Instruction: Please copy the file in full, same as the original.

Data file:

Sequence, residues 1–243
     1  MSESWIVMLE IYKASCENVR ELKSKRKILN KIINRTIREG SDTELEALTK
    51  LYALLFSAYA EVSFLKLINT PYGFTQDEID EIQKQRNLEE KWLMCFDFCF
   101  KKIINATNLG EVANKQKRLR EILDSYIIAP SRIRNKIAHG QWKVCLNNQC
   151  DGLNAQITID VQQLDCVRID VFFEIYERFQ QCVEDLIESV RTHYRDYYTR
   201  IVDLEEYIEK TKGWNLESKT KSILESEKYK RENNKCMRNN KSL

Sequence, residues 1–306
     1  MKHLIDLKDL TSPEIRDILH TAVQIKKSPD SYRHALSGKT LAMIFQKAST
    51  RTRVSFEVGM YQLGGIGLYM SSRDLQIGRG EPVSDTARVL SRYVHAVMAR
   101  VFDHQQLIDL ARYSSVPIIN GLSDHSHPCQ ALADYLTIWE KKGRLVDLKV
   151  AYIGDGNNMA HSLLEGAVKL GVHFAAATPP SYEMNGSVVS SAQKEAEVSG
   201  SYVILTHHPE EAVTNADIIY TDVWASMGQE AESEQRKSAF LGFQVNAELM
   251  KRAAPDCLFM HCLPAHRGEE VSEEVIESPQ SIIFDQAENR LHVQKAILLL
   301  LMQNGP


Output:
Sequence, residues 1–243
     1  MSESWIVMLE IYKASCENVR ELKSKRKILN KIINRTIREG SDTELEALTK
    51  LYALLFSAYA EVSFLKLINT PYGFTQDEID EIQKQRNLEE KWLMCFDFCF
   101  KKIINATNLG EVANKQKRLR EILDSYIIAP SRIRNKIAHG QWKVCLNNQC
   151  DGLNAQITID VQQLDCVRID VFFEIYERFQ QCVEDLIESV RTHYRDYYTR
   201  IVDLEEYIEK TKGWNLESKT KSILESEKYK RENNKCMRNN KSL

Sequence, residues 1–306
     1  MKHLIDLKDL TSPEIRDILH TAVQIKKSPD SYRHALSGKT LAMIFQKAST
    51  RTRVSFEVGM YQLGGIGLYM SSRDLQIGRG EPVSDTARVL SRYVHAVMAR
   101  VFDHQQLIDL ARYSSVPIIN GLSDHSHPCQ ALADYLTIWE KKGRLVDLKV
   151  AYIGDGNNMA HSLLEGAVKL GVHFAAATPP SYEMNGSVVS SAQKEAEVSG
   201  SYVILTHHPE EAVTNADIIY TDVWASMGQE AESEQRKSAF LGFQVNAELM
   251  KRAAPDCLFM HCLPAHRGEE VSEEVIESPQ SIIFDQAENR LHVQKAILLL
   301  LMQNGP